Moreover, Applied Materials, a U.S. semiconductor equipment maker, has started construction of a new $450 million factory in the city-state. As part of its eight-year expansion plan named “Singapore 2030,” the company will increase its workforce there by around 40 percent to more than 3,500.
The two countries’ proximity helps combine and amplify their distinct strengths in the semiconductor industry. Essentially, Malaysia’s growing APT cluster and Singapore’s increasing share in semiconductor manufacturing allow a chip to be produced and packaged for commercial applications at a close distance, hence insulating these clusters from supply chain disruptions. Furthermore, the countries’ domestic political stability and relative geopolitical neutrality further enhance their attractiveness as an FDI destination for chip companies.
The Biden administration should seize this joint U.S.-Taiwan diversification trend toward ASEAN to reduce American dependence on the island’s APT industry. It should utilize targeted subsidies to incentivize U.S. chip firms to sustain this inflow of FDI into Singapore and Malaysia. A growing U.S. presence there will serve as a magnet to attract other Taiwanese firms to follow suit, thus diluting the island’s APT concentration. Over time, that will enhance ASEAN’s attractiveness for other integral chip suppliers, making it a new hub of the semiconductor supply chain.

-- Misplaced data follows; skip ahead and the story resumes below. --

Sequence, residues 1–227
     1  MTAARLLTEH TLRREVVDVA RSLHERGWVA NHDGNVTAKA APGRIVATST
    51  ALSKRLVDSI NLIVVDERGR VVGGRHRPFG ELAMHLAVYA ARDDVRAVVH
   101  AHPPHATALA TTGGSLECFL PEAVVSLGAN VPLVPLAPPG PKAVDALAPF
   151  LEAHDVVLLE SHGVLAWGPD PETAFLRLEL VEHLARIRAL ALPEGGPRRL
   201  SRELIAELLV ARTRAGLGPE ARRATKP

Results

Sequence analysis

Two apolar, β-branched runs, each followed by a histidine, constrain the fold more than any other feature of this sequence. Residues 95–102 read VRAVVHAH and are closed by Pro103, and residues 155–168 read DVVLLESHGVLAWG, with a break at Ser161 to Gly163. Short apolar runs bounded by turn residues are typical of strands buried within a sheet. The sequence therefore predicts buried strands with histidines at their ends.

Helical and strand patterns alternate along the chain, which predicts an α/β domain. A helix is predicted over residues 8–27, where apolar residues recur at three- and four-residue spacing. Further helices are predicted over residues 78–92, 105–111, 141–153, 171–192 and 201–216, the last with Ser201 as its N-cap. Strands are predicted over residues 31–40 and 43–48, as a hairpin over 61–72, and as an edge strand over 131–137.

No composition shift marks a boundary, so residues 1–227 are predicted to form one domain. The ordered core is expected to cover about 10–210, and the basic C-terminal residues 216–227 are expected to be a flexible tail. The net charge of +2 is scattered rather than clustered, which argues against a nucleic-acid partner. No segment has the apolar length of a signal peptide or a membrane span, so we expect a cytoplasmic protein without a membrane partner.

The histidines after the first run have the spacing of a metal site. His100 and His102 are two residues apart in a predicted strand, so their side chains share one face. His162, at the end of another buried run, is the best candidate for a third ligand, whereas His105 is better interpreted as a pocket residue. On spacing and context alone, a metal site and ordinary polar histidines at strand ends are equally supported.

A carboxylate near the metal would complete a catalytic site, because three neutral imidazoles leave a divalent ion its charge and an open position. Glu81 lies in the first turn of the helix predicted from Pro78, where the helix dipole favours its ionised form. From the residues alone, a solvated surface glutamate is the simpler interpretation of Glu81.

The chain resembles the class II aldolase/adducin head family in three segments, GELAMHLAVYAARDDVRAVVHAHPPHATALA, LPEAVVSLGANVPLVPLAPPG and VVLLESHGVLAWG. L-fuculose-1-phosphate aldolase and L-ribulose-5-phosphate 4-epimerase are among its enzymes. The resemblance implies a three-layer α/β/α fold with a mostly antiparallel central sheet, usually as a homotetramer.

For the United States, this is a more realistic, cost-effective strategy to reduce its reliance on Taiwan’s APT cluster than fostering one at home. For ASEAN countries, this trend can serve as an essential stepping-stone to climb up the value chain. For Taiwanese companies, it represents an opportunity to mitigate their operational risks in Taiwan and expand their business landscape beyond the island to promote long-term growth.